The Zoom G2 is a guitar multi-effects processor. It includes a broad variety of effects for distorting and modulating your guitar sound. But the G2 also can be used to create basic compositions, using its multi-tap delay, or "Phrase looper." The effect records a few seconds of playing, then loops it back at a consistent pace. This allows you to solo over your own playing, building up layers of musical phrases.
Connect the output jack of your guitar to the input jack on the far right of the G2's rear panel. Connect a pair of headphones to the "Output" jack, or use a second instrument cable to connect the G2 to an amplifier. Connect the AC adapter to the socket on the far left of the rear panel, and plug the adapter into a power socket. Slide the "Power" toggle switch on the rear panel to "On." Power on the amplifier and turn up the volume. The relative volumes of each of the G2 patches can vary dramatically from one to the next. So it's advisable to set your amplifier volume slightly lower than normal.
Press the up and down foot-switches to select any of the preset patches. The looper can be turned on and off independent from the other effects, so choose any sound you like. The looping function is classified as a Reverb unit, so all the other effects categories still can be used as normal. Turn the "Effect Module Select" knob to "Reverb." Press the down arrow in the pair of "Bank" keys four times, until the display shows "nd," signifying Multi-Tap delay.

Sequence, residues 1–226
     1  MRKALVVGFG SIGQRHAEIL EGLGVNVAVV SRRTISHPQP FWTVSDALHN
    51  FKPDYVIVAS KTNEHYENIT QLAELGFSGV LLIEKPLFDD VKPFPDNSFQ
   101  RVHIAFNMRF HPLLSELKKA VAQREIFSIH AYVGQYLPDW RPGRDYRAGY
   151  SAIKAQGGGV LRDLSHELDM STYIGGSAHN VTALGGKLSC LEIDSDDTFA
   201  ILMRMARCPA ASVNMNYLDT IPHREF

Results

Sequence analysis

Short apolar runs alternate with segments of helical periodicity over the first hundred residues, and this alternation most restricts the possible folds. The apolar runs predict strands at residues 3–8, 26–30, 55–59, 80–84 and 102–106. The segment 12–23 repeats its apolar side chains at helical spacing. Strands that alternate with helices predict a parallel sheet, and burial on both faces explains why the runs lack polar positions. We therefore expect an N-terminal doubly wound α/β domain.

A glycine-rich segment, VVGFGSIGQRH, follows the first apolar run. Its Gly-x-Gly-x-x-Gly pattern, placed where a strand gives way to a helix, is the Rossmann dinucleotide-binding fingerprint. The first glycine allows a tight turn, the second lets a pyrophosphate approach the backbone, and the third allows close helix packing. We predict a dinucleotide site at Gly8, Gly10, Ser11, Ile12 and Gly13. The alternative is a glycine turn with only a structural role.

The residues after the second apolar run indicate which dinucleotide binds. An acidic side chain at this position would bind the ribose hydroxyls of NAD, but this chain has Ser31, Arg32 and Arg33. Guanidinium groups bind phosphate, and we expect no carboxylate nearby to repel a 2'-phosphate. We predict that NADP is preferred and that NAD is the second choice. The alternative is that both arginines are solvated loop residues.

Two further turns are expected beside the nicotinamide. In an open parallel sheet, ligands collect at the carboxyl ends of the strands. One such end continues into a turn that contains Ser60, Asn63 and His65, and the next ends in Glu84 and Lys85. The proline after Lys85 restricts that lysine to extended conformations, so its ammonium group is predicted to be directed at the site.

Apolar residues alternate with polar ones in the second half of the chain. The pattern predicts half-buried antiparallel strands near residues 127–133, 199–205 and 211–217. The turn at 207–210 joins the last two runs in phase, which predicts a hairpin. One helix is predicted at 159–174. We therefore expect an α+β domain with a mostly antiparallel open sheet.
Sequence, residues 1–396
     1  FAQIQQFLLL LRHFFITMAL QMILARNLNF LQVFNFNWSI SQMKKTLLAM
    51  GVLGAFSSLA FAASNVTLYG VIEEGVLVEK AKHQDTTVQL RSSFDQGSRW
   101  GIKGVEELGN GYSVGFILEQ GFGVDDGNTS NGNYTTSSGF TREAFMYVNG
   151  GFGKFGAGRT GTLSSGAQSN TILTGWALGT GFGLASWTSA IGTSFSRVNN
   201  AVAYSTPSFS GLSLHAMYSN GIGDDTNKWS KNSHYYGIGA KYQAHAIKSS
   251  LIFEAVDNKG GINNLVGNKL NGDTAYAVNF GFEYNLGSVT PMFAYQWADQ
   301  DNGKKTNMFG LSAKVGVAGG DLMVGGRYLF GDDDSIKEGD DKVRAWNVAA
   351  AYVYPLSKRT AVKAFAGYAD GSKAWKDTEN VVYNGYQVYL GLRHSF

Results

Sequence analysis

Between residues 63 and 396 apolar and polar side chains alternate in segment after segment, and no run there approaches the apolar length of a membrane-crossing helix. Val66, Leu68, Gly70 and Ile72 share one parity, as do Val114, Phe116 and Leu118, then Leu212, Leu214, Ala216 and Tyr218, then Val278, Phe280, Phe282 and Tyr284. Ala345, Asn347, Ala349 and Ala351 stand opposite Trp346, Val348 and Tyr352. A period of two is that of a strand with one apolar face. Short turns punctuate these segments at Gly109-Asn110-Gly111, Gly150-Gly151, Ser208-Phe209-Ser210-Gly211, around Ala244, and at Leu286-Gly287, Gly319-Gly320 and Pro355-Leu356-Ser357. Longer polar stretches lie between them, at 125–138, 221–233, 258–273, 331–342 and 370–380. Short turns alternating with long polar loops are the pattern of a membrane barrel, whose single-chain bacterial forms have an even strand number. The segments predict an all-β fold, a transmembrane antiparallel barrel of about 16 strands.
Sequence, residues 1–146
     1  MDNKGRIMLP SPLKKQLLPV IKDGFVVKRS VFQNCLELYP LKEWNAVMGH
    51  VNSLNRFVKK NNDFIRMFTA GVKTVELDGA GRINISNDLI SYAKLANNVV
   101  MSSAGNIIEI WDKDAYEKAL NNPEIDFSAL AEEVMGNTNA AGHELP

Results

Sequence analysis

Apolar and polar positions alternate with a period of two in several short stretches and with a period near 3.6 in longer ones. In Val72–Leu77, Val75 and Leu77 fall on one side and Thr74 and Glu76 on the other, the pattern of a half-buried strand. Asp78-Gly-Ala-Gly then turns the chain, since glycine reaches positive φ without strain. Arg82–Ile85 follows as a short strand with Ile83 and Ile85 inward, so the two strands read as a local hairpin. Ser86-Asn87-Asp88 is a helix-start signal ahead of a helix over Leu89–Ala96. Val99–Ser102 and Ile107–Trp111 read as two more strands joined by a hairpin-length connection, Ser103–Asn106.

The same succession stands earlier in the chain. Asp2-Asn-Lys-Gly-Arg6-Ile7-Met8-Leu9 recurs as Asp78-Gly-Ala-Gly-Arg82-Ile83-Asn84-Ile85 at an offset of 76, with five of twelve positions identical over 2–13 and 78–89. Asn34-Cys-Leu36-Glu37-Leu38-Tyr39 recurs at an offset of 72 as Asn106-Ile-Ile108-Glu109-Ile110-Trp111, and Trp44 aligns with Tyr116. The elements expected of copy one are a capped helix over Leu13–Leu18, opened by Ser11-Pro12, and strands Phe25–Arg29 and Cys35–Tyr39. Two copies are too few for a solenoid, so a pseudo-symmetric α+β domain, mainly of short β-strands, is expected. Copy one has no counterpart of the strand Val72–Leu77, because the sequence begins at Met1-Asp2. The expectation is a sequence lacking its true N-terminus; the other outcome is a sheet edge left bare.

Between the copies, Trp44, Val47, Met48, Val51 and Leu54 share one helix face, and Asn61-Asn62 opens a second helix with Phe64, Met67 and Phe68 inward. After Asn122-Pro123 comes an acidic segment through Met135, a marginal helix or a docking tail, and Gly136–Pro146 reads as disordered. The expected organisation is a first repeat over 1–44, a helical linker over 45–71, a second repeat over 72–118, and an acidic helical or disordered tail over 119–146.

Use the three dials at the top right of the unit's top panel to control the looping settings. The first dial is used to set the "Time," or the length of the looping phrase. The second dial switches between a number of different rhythmic pulses that are used to control the playback of the loop. For a straight phrase looper, leave it set to one. The third dial controls the feedback level of the recorded loop. This should be set to 100 percent to create a uniform volume level across all the recorded loops.
If you have the dedicated Zoom expression pedal, it can be assigned to control the feedback level. This will allow you to create "Violining" effects on the delayed notes. Turn the feedback level down to zero by rocking the pedal back. Then strike a note, and bring the pedal forward to bleed in the note.
Matt Gerrard began writing in 2002, initially contributing articles about college student culture to "The Gateway" magazine, many of which were republished on the now-defunct Plinth blog. Since then, Gerrard has worked as a technician for musicians, educators, chemists and engineers. He holds a Bachelor of Arts in music technology from DeMontfort University.